Barbara Howard, The University of Sheffield, UK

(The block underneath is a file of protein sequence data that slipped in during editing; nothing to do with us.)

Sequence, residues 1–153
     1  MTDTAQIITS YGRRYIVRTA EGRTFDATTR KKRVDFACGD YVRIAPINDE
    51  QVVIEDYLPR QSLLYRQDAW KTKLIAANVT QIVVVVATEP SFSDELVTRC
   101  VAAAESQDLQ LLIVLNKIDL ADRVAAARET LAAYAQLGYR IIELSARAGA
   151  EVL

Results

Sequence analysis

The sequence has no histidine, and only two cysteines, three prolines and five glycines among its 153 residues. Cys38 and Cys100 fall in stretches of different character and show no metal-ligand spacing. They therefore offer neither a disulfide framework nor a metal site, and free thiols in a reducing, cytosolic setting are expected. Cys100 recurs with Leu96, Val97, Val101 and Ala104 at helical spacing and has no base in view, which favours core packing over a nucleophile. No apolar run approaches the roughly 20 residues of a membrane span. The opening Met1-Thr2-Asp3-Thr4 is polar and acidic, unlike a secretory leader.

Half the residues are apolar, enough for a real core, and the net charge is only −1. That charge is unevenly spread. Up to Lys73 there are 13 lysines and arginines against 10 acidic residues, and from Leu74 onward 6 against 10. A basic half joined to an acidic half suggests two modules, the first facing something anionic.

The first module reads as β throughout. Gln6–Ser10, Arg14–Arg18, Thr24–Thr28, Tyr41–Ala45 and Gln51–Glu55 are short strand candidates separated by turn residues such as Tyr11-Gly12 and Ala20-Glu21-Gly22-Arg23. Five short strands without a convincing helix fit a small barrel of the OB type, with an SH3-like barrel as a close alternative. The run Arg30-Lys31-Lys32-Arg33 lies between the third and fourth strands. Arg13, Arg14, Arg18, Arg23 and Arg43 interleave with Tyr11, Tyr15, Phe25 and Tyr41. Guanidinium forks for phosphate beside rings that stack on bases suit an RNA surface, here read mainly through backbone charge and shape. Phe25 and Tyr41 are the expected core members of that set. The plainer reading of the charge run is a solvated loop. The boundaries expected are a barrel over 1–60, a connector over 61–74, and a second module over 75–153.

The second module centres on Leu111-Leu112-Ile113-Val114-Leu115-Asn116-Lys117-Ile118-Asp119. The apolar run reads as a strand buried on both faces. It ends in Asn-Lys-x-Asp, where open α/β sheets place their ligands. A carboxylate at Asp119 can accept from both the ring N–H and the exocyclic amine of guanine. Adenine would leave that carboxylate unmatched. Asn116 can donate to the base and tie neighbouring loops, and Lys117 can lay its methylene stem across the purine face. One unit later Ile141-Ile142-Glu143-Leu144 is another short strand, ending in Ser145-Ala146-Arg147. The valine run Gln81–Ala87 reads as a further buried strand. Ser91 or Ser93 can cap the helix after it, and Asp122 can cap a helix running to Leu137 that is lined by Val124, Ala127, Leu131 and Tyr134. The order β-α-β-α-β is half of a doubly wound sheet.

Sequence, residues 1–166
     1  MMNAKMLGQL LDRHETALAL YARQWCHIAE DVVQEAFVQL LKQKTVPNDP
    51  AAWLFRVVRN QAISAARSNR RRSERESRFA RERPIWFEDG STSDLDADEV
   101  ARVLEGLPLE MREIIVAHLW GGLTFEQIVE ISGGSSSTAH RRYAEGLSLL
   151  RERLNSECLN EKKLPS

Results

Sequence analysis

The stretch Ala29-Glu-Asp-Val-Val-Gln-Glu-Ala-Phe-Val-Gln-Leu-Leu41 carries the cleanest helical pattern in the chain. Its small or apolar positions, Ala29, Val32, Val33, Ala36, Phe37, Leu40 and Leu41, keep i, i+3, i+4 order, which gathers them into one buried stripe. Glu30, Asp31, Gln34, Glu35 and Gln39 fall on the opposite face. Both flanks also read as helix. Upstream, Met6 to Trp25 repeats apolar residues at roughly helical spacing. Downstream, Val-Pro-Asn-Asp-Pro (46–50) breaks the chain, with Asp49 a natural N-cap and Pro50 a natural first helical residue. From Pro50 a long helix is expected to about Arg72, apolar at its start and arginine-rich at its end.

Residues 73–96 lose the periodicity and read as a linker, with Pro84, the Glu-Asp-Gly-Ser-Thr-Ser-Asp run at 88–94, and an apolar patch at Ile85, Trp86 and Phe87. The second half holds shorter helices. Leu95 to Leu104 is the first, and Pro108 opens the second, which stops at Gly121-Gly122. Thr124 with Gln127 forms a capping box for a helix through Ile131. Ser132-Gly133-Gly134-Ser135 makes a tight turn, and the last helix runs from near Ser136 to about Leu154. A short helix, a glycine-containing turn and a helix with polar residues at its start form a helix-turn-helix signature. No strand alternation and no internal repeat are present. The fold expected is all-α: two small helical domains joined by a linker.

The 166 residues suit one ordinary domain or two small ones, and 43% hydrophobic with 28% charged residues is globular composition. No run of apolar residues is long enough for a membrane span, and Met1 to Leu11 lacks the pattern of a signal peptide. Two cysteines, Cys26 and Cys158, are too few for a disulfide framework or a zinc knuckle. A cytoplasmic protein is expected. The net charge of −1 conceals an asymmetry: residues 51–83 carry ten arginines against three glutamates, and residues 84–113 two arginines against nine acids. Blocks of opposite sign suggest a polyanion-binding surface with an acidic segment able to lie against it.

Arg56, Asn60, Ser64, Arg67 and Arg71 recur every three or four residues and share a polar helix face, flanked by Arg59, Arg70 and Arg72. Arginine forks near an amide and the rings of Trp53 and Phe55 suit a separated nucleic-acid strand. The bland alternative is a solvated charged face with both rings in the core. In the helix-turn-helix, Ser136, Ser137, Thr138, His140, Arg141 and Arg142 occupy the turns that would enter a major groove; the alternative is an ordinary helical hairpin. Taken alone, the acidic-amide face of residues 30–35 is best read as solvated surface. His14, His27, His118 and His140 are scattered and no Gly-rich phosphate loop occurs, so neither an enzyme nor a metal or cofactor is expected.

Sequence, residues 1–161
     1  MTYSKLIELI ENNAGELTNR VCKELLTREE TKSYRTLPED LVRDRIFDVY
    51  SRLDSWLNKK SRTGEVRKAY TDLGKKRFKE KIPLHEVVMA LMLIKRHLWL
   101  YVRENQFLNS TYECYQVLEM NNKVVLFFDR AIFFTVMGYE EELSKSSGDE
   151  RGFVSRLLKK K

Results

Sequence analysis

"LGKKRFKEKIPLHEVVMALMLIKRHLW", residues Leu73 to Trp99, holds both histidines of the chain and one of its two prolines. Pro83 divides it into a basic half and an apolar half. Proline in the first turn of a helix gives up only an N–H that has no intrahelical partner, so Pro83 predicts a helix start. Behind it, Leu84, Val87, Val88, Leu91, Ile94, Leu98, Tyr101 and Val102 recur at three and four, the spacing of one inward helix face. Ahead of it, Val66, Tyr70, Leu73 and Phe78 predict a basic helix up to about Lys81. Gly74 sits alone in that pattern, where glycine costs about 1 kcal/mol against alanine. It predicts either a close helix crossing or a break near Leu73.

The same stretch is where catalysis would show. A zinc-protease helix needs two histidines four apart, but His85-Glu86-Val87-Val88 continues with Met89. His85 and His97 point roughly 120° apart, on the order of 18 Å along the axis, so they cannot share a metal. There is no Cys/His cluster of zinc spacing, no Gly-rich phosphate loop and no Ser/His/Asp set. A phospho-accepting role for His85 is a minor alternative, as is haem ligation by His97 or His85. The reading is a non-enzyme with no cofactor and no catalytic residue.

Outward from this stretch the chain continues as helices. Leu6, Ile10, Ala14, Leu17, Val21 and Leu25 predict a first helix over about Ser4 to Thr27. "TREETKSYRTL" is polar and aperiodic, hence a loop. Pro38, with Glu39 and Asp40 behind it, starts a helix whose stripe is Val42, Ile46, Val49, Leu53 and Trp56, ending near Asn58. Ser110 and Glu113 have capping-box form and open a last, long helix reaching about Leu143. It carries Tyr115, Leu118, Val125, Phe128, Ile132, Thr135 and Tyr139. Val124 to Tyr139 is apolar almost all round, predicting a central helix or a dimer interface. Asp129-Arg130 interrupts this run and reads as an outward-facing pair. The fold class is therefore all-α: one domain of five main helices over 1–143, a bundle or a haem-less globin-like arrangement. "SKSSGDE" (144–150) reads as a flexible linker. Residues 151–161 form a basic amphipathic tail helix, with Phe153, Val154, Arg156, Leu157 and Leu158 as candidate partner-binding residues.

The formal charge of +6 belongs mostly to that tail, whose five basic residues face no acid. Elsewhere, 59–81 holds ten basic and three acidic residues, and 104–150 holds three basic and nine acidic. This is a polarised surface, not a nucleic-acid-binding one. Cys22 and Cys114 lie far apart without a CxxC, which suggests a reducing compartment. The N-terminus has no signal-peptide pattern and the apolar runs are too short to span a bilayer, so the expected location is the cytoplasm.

COVID-19 has certainly been a force for change in neonatal academia. Like a typhoon it has spun through our relatively ordered world, thrown everything in the air and left students and academics trying to guess where things will settle when this is all over. On the negative side I have seen the impact upon students working clinically, both emotionally and physically. The effects of these stresses vary across individuals but affect all to some degree. I have seen carefully planned teaching sessions and assessments collapse at a moment’s notice, affecting students, teachers and the clinical areas desperate for more qualified in speciality neonatal nurses. The sense of loss is unsettling and profound. But there is a flip side to this; I have seen the best of my students as they have stepped up to the challenges in a professional and caring manner which makes me proud of them and of our profession. University colleagues and myself have been on an incredibly steep learning curve as the university moves online to deliver teaching, tutorials and academic assessments; COVID-19 has driven very rapid changes in higher education which I believe could be of real benefit to future neonatal nursing students. These different ways of learning could benefit part-time and distance students and offer flexibility in studying appreciated by those juggling the demands of family life and full-time employment. We should never underestimate the threat of COVID-19. We should never forget the sacrifices made and the lives of loved ones lost, but from this threat comes opportunity for change in neonatal nursing education and the chance to make it better than before. As neonatal nurses we should reflect on this, then lead forward together.